Project vehicles have this habit of never being finished. You might think a vehicle is done, but then you find something that needs to be changed, or you decide it’s time to update another part of the build. Jim Miller’s 1981 Pontiac Trans Am has been through a couple of builds, but its current phase is the most radical and eye-catching yet.
Jim got his first taste of the automotive world when he started building model cars as a kid. He would go to the hobby shop and find a kit that caught his attention and find ways to custom build it. Jim’s father was also into cars, so he was constantly around anything with an engine and tires.
It shouldn’t be a shock that Jim opened his own shop, Miller & Son Collision, where he works with is son Jimmy, and the rest of his family restoring vehicles. Working on cars is a true passion for Jim and the fact he gets to do it with his son each day is very special to him. Besides this Trans Am, Jim and Jimmy also built Tim Stengel’s wicked 1951 Pro Street Chevy truck.
Smokey & The Bandit inspired an entire generation of people to want to drive a fast Pontiac Trans Am. Well, Jim was also bit by the Bandit bug, hence why he purchased a 1981 Trans Am.
“I have owned this car since 1994 and I built it the first time before my son Jimmy was even born. It had a PlayStation in it, some TVs, and we cut the roof out to make it a T-top car. The car had a 455 cubic-inch Pontiac engine in it and a four-speed transmission that was kept in place for over 18 years. It was a fun build and I enjoyed driving the car,” Jim says.
Jim decided that he wanted to change the car up and it turned into a father-and-son project. The goal was to update the Trans Am and make it drive as good as it looked. So, over the next five years, Jim and Jimmy worked after hours in the shop when all the work on customer’s cars was complete.
“Well, my son kept finding parts for us to use for the build. So, he kept writing checks that I had to ask my wife if we could afford. We got some sponsors on board with the build and that really helped us take the project to the next level. Once you start using the high-end products, you need to go all the way so everything will jive together and look right,” Jim says.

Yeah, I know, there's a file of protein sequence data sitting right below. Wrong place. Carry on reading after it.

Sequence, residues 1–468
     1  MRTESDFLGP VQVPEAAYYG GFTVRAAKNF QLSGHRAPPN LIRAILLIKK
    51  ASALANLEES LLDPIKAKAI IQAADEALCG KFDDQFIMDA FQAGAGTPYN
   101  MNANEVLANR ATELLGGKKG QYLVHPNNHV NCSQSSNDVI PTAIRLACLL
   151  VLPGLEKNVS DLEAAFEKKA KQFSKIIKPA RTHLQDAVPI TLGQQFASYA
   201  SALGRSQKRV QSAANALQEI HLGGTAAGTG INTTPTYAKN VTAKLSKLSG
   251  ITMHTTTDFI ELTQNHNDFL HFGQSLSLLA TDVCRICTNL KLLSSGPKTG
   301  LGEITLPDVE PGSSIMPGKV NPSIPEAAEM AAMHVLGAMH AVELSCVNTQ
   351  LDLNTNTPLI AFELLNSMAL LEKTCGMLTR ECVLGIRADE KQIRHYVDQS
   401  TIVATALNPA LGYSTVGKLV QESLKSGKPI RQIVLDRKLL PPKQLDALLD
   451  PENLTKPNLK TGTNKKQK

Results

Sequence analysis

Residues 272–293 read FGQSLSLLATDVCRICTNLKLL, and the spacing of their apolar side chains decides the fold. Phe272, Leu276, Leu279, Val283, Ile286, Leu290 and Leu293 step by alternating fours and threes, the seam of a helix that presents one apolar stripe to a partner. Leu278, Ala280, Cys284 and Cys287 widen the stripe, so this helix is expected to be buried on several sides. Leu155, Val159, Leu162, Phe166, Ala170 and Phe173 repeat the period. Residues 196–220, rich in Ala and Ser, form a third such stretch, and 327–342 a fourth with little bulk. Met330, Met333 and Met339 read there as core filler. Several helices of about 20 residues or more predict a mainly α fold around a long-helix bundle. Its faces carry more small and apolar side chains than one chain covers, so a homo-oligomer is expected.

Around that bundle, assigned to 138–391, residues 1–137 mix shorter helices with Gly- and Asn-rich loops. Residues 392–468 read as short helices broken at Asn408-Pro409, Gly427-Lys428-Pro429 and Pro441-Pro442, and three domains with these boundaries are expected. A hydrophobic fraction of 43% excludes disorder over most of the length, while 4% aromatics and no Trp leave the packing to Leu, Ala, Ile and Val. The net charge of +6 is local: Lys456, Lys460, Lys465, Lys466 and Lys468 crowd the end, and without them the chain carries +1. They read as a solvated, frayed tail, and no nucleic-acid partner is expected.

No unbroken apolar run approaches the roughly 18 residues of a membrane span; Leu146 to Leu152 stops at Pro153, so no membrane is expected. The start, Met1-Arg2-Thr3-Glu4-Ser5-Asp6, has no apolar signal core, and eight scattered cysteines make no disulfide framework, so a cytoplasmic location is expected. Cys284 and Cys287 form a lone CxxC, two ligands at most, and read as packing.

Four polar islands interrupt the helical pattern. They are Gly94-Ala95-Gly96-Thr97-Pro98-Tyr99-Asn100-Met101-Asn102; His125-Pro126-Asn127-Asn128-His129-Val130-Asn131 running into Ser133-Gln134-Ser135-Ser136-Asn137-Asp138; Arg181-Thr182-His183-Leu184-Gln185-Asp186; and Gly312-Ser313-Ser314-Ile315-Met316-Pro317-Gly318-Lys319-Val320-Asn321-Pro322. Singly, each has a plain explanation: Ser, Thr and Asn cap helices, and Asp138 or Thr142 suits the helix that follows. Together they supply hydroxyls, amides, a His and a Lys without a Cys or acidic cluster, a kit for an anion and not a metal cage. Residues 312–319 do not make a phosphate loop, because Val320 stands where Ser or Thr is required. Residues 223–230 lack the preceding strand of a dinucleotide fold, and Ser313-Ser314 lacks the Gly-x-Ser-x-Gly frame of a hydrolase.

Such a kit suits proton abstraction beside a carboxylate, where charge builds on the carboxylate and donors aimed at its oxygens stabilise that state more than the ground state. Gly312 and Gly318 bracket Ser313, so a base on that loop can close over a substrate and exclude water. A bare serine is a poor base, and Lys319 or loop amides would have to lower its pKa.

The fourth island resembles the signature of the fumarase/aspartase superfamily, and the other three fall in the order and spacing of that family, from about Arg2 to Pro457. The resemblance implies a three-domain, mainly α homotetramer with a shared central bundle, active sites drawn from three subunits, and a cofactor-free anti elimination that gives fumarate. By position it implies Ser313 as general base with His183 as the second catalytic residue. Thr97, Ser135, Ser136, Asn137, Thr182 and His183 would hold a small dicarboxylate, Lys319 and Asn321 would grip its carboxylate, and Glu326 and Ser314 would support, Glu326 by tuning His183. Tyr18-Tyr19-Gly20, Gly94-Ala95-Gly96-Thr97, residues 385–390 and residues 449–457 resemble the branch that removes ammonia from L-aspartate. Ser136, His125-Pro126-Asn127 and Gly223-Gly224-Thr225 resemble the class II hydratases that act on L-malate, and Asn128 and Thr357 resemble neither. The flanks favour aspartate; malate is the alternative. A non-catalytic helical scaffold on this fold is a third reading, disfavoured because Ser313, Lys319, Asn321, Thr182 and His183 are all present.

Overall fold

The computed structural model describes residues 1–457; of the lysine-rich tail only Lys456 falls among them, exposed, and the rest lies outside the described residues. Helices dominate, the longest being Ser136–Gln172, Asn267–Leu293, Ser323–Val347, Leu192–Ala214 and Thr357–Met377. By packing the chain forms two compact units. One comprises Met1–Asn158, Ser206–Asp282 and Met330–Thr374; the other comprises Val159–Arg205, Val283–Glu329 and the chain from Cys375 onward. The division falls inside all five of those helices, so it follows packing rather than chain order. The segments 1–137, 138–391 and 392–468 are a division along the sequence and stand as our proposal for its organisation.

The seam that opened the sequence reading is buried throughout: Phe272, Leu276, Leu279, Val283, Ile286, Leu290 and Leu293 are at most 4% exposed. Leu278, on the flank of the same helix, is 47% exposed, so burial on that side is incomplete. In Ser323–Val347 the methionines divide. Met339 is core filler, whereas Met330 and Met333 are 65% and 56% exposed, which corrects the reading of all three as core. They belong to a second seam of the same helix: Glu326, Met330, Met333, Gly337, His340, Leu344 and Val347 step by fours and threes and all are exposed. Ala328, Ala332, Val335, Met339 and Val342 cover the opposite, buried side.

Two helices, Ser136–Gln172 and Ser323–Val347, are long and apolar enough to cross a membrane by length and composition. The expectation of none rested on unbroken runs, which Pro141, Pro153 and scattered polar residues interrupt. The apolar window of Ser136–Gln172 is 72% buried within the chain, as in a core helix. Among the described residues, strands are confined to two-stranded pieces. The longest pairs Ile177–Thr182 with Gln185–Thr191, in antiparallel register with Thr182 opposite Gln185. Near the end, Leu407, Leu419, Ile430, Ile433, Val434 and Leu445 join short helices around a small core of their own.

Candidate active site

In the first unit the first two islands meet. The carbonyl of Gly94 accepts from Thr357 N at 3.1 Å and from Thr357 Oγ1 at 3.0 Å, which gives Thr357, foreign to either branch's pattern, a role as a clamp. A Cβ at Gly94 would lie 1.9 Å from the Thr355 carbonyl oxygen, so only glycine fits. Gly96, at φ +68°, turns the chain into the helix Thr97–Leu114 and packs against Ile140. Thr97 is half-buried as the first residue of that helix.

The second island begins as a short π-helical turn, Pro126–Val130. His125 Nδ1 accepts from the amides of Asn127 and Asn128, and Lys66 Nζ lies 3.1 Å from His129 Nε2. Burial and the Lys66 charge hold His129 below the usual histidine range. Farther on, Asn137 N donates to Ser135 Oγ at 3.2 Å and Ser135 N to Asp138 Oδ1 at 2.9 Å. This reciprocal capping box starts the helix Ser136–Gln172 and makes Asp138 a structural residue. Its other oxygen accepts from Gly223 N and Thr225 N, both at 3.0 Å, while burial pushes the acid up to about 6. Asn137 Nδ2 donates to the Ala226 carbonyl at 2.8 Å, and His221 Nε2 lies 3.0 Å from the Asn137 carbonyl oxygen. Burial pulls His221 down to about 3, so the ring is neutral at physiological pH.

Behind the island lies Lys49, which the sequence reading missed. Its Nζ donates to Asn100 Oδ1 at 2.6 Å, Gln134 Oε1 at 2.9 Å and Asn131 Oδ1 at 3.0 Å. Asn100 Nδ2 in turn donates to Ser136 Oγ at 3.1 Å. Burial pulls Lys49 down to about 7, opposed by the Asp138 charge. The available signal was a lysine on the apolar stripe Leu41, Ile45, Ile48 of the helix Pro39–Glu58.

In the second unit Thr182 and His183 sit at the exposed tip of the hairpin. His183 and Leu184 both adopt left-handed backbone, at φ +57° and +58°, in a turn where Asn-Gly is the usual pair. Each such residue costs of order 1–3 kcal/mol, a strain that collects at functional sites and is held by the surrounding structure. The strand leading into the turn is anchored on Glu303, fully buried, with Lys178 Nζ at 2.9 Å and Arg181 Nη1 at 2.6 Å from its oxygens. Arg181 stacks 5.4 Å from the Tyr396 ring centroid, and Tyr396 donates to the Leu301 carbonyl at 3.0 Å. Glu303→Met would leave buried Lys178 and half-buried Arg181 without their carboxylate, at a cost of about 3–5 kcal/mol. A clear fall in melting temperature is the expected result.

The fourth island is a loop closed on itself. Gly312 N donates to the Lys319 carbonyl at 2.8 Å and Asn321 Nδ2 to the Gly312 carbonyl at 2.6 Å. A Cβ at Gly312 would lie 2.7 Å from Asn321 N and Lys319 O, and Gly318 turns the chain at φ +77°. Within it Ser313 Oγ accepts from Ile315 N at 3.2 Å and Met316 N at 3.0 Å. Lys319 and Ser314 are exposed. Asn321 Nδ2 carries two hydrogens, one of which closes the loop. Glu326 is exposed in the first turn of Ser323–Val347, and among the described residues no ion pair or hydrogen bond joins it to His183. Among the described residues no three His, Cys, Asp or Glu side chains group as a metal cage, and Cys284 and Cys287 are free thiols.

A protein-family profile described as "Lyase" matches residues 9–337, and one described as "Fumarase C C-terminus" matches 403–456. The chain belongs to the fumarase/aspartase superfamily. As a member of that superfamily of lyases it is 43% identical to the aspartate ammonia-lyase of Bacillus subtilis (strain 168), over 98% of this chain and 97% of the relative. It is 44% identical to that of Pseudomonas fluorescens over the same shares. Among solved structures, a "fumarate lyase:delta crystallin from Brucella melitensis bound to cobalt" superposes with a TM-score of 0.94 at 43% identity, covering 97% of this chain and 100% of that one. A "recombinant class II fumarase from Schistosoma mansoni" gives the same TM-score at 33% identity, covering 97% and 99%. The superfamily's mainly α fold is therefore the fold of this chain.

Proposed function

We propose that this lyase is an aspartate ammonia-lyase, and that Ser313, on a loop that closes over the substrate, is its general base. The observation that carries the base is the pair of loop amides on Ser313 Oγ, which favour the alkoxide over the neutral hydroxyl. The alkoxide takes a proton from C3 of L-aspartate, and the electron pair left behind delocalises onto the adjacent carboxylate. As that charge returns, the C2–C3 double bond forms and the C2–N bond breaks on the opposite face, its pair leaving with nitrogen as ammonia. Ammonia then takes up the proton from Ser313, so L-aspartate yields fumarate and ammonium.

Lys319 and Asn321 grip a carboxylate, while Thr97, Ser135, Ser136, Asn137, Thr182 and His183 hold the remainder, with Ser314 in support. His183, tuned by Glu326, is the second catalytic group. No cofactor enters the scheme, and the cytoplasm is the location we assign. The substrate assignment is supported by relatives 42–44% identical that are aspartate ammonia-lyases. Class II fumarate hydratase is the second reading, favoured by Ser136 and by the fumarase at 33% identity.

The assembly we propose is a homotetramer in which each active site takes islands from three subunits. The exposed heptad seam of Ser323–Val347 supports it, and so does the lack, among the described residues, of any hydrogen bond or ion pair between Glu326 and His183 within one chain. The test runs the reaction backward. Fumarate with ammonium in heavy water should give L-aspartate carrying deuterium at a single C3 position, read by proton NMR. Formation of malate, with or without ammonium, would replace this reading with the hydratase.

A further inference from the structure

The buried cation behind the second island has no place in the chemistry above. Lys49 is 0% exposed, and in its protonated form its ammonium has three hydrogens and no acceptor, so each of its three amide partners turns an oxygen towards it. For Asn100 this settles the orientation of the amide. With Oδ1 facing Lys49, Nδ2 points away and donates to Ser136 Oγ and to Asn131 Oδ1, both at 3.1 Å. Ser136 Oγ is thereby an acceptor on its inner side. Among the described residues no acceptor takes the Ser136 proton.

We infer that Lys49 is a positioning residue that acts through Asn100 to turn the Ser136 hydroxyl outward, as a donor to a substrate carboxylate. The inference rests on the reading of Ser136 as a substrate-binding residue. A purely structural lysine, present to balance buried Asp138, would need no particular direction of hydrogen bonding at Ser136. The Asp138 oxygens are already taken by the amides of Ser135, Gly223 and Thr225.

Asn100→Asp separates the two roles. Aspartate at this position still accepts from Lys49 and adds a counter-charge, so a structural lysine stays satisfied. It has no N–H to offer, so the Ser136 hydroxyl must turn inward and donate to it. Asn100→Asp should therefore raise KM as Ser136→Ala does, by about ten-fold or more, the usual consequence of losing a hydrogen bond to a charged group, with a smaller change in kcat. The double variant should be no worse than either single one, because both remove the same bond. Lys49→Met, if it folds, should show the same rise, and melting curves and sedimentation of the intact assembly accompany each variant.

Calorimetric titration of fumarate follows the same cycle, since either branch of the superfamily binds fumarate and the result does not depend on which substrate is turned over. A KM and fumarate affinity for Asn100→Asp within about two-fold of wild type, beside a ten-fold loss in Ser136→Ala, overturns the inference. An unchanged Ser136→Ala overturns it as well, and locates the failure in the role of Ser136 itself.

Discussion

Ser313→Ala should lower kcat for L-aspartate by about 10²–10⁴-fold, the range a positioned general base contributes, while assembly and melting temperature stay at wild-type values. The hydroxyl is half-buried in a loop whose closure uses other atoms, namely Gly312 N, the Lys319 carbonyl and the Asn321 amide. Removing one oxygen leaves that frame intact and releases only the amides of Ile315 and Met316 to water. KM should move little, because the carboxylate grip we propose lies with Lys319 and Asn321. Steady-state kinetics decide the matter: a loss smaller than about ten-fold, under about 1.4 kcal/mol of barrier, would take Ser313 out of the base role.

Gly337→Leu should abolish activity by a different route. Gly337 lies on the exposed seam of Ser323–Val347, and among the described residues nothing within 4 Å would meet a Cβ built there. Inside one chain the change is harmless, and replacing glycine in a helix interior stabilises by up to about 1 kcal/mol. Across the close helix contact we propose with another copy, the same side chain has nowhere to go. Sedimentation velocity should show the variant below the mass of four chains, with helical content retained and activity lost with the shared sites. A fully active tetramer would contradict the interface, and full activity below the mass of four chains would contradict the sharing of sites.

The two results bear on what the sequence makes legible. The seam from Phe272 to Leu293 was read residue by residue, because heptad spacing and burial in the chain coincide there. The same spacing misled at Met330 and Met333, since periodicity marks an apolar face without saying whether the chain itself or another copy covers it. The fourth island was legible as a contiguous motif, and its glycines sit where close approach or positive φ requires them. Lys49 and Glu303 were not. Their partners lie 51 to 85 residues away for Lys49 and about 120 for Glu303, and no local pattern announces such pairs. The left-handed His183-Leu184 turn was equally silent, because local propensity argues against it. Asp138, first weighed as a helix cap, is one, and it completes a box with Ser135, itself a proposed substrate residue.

The first thing you notice about the Trans Am is the Sweet and Sour paint from Modern Classikk that Jim sprayed on the car. After your eyes have adjusted to the paint’s radiant glow, you’ll see all of the custom body modifications that the Miller’s made to the Pontiac. The doors have been raised, there are custom rocker panels, custom splitters at both ends of the car, and a handmade spoiler as well.
Jim’s Trans Am is more than just a pretty face, there’s plenty of power under the hood of the Pontiac. An LSX376-B15 crate engine that’s got a Magnuson TVS2650 supercharger bolted to the top powers the Trans Am. Behind the boosted LS mill you’ll find a TREMEC Super Magnum six-speed transmission. A Tanks Inc. fuel tank is home to the Walbro fuel pump that feeds the engine plenty of fuel.
Under the Trans Am, you’ll find a full Ridetech suspension system and air ride components. The OEM brakes were thrown away and replaced with a big brake package from Wilwood. Boze forged aluminum wheels can be found at each corner of the Trans Am and really add to the Trans Am’s look.
The initial interior rendering was done by Travis Highlander at Highlander Concept Rendering Service. After Jim approved the final design, Upholstery Unlimited went to work turning the rendering into a functional interior. Too Fast Garage took care of making sure the roll cage was installed properly and hidden as much as possible.
Jim and Jimmy Miller made the most out of the opportunity to work together on this project. The Trans Am is a reflection of their attention to detail and desire to modernize a vehicle. This is one Pontiac that photos really don’t do it any justice.